Dupree Funds is launching a taxable municipal bond fund this week, just the second effort at creating a mutual fund devoted to Build America Bonds.

Last month, Dupree filed a prospectus giving birth to the Dupree Taxable Municipal Bond Fund, which is designed to invest in long-term investment-grade taxable municipal debt. The fund's benchmark is the Barclays Capital Taxable Municipal Bond Index.

While the fund's mandate does not restrict it to BABs, they compose two-thirds of the fund's benchmark index.

More than 75% of the taxable securities sold by municipalities this year have been BABs, according to Thomson Reuters.

A small shop based in Lexington, Ky., Dupree runs eight state-specific tax-free funds with about $1.2 billion in assets. Its funds are managed by Vincent Harrison and Gene Gard, who will also manage the new taxable fund.

The fund is still assembling securities and has not yet sold shares to the public.

Mutual funds have participated little in the expansion of the taxable muni sector. Taxable munis outstanding have grown to nearly $390 billion, according to Bloomberg LP. Out of 1,280 taxable bond funds, two by charter pursue taxable municipal bonds specifically.

A year ago, Eaton Vance launched the Build America Bond Fund, the first BAB mutual fund. One year later, it has accumulated $53.1 million in assets.

That was all until the latest Dupree fund. Even as fund complexes launch closed-end funds, exchange-traded funds, and unit investment trusts dedicated to BABs, mutual funds are largely absent from the sector.

The BAB program is scheduled to expire at the end of this year, and extension is questionable at this point.

With the $2.6 trillion fixed-income mutual fund industry awash in cash, it seems puzzling that only two mutual funds dedicate themselves to taxable municipal bonds.

Investors have stuffed $620 billion in new money into bond funds since the beginning of 2009 - $520 billion of it into taxable bond funds, according to the Investment Company Institute.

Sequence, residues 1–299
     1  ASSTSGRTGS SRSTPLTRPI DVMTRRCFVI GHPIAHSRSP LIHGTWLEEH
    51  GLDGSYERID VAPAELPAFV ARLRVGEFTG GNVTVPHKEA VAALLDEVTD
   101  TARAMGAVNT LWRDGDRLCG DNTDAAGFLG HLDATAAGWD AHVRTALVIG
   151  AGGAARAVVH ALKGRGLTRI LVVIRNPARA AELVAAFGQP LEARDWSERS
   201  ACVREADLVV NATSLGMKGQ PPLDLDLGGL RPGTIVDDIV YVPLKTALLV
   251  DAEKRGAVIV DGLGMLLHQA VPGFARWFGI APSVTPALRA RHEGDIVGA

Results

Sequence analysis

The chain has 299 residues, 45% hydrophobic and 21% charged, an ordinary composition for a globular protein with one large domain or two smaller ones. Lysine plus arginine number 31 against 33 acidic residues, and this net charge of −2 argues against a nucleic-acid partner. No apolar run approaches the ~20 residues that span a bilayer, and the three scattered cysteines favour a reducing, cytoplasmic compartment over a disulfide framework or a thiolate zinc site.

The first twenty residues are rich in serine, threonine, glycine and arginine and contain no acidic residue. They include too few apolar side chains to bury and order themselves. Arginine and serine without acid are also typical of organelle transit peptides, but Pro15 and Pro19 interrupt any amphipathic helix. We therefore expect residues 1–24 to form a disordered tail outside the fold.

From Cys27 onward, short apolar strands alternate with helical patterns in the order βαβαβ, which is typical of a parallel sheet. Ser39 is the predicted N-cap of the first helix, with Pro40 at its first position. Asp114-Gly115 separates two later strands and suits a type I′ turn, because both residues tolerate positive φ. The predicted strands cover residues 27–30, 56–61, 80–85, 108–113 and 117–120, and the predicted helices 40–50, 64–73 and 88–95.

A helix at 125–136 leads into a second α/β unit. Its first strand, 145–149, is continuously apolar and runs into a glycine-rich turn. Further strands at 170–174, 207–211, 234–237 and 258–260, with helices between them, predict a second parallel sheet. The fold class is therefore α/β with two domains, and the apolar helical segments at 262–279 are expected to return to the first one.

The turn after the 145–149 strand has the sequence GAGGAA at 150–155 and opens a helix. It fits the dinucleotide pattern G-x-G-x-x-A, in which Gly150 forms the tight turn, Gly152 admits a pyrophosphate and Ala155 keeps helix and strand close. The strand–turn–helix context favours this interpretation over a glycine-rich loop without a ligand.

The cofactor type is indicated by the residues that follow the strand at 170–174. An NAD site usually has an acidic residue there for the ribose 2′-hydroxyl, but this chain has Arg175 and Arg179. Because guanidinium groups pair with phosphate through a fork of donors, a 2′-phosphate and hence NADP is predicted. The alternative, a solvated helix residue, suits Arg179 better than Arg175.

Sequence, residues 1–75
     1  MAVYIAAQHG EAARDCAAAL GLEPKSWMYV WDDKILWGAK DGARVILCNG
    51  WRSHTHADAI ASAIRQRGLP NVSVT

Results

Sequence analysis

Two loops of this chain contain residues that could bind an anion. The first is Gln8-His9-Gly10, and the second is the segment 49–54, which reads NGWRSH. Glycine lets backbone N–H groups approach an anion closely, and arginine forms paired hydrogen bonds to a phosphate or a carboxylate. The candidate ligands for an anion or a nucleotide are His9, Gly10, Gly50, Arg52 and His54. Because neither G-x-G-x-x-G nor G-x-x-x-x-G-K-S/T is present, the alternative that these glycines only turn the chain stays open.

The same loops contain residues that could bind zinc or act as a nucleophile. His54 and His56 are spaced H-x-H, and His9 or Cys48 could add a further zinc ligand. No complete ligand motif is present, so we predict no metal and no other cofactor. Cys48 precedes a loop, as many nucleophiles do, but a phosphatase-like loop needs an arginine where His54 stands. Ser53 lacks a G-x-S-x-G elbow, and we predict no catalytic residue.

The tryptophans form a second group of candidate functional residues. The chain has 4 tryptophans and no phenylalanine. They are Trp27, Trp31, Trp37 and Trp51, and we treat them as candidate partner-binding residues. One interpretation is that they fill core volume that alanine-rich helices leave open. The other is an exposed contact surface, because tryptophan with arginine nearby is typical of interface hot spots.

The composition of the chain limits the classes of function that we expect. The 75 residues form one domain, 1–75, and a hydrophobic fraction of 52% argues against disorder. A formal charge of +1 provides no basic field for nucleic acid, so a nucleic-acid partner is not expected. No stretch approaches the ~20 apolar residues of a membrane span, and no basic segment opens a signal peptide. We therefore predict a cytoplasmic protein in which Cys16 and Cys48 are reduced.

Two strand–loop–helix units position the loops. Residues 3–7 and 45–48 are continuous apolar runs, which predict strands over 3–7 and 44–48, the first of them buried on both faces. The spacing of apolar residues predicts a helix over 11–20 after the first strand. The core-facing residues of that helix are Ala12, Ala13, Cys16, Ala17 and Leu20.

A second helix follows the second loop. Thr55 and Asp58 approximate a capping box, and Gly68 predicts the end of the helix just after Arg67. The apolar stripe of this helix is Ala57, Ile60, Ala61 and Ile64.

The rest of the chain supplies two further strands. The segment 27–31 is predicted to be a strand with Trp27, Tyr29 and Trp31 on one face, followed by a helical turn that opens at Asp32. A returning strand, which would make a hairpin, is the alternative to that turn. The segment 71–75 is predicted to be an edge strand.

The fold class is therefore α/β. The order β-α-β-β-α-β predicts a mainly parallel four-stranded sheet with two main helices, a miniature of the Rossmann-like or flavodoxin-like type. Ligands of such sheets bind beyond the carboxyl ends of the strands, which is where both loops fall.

Other types of vehicles have embraced BABs. Investors have purchased hundreds of BABs UITs with more than $3.4 billion in assets.

BlackRock launched a $1 billion BAB closed-end fund in August, and Nuveen Investments runs a $620 million BAB closed-end fund. Guggenheim Funds Investment Advisors launched a $340 million BAB closed-end fund last month.

Three BAB ETFs have compiled more than $600 million in combined assets.

James Colby, municipal strategist at Van Eck Global, believes the reason BAB mutual funds have not caught on is their demographic appeal. While mutual funds are predominantly a retail product, Colby said BABs have so far lured institutional investors: pension funds, foreign institutions, and the like.

"Despite the success of the product, it has fallen predominantly in the domain of the 'professional' investor," Colby said.

Retail investors might eventually warm to BABs for tax-deferred portfolios like retirement accounts, provided they had "a little more coaching and awareness," he said.

Jeff Tjornehoj, a mutual fund analyst at Lipper, said that's going to be an uphill climb. "That's a long-term project, to change people's perspective," he said. "Investors expect that their municipal portfolios are going to deliver tax-exempt distributions. I still think it's a question of communicating, and educating investors."

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